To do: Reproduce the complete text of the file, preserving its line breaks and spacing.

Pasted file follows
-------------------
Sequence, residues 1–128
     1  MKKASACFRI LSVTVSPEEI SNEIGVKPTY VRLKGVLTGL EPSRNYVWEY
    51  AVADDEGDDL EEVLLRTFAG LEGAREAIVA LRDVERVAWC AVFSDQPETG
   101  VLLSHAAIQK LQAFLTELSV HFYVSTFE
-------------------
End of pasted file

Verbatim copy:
Sequence, residues 1–128
     1  MKKASACFRI LSVTVSPEEI SNEIGVKPTY VRLKGVLTGL EPSRNYVWEY
    51  AVADDEGDDL EEVLLRTFAG LEGAREAIVA LRDVERVAWC AVFSDQPETG
   101  VLLSHAAIQK LQAFLTELSV HFYVSTFE